Here is a real life example of what today’s kids know about their birth. One day I happened to ask the date of birth of a little child living near my home. He said he was born on August 15. I said to the little one that we got Independence on August 15. What he said in reply came as a shock to me. He said, “Mujhe to mummy ke pet se azaadi mili thi.” (I got independence from my mother’s womb.) The answer was technically correct but not something I was expecting from a four-year-old kid.

Jalandhar City

Gandhi or Einstein?

One of the editorials published on December 28 provides an opportunity for an interesting comparison between two great personalities — Mahatma Gandhi and Albert Einstein.

Einstein widened the horizons of human intellect and helped us understand better the sort of universe we find ourselves in. Gandhi set in motion a process that led half the mankind to freedom. Imperialism and discrimination stand dubbed as “sins” due largely to his efforts.

History will find it hard to believe that a person with a valid ticket could be denied a seat in a train because some people did not like the colour of his skin. And when Dr Radhakrishnan declared “the fact of Gandhi is a challenge to the exclusive claims of Christianity”, he had already raised the Mahatma to the status of the “Person of the Millennium.”

Hiroshima and Nagasaki would not have happened without Einstein, nor would have nuclear energy and space travel been possible but for his imaginative scientific theories. On the other hand, it is the “half-naked faqir” who forced his way to the Royal Palace on the basis of equality, thus paving the way for a black or a brown person to head the UN. The concept of human rights would be hollow but for Gandhi’s fight against slavery and exploitation.

According to me, Gandhi is the “Person of the millennium” while Einstein is the “Person of the century”.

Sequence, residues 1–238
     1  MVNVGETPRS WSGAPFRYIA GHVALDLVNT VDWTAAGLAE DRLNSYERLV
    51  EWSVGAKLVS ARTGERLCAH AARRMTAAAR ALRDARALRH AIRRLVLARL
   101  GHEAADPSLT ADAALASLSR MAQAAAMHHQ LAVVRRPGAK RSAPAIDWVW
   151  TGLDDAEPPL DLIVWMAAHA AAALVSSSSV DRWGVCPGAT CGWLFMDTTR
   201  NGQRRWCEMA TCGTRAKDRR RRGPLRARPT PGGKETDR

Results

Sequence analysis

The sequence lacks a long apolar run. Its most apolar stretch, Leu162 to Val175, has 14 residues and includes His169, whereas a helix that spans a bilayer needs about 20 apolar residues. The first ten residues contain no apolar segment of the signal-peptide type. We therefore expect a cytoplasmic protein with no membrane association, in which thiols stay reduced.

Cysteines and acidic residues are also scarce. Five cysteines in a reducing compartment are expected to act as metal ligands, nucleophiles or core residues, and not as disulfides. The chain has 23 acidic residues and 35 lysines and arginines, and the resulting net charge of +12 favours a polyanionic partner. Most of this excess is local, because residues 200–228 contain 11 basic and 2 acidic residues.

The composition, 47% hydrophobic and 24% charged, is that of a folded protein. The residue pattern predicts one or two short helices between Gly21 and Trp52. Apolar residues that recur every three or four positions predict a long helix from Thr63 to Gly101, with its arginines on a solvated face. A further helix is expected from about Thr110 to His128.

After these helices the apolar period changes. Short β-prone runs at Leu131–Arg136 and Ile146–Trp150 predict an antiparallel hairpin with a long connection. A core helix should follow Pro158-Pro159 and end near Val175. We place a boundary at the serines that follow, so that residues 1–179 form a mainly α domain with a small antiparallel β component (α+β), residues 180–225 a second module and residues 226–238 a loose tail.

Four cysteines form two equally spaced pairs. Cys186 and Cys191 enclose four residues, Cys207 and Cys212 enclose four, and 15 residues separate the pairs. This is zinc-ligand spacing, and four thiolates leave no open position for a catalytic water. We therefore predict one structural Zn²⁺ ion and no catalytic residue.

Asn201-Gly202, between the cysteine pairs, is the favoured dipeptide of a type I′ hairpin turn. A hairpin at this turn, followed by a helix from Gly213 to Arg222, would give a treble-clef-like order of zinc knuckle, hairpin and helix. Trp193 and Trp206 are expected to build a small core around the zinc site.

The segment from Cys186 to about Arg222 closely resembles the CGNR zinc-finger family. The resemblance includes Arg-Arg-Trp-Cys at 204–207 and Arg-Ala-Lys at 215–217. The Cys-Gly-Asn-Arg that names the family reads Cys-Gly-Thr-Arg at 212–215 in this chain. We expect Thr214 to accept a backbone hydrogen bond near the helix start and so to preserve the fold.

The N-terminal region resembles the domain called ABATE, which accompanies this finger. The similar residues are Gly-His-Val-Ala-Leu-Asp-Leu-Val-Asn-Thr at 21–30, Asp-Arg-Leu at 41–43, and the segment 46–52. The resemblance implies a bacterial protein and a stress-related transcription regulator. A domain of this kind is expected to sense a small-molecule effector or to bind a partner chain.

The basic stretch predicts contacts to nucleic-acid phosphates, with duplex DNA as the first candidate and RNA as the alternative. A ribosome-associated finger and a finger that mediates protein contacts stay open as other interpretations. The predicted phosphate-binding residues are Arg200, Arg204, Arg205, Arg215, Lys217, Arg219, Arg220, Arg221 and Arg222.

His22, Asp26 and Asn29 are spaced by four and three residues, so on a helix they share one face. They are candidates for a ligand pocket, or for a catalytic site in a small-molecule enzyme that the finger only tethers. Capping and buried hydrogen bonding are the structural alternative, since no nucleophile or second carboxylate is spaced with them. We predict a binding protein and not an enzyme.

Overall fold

Health services in Punjab

Health services in Punjab are a shambles. The scene in the villages is depressing. Commercial attitude of the doctors has damaged the health scenario in Punjab. Quacks and RMPs are thriving in villages. PCMS doctors do not go to do their duty in the villages and are marked present in absentia.

Quacks are doing a roaring business. When the health of patients deteriorates or when things go out of control, these quacks send them to nearby towns or cities having private nursing homes and get commission.

The only booming field (read hospitals) in medicine is gynaecology, where the number of the children born is limitless. A close nexus exists between nursing homes and testing labs and chemists. There are only a few doctors who charge a low fee and who do not prescribe chemists and test labs along with the medicines.

Plum postings in government hospitals have a price in Chandigarh. If you have a political mai-baap, things are easy.

Wonder of wonders, a new trend is catching up with the chemists in Punjab. They have kept blood pressure equipment and other paraphernalia and are dispensing medicines to the sick.

Another question — is it ethical for the doctors to advertise?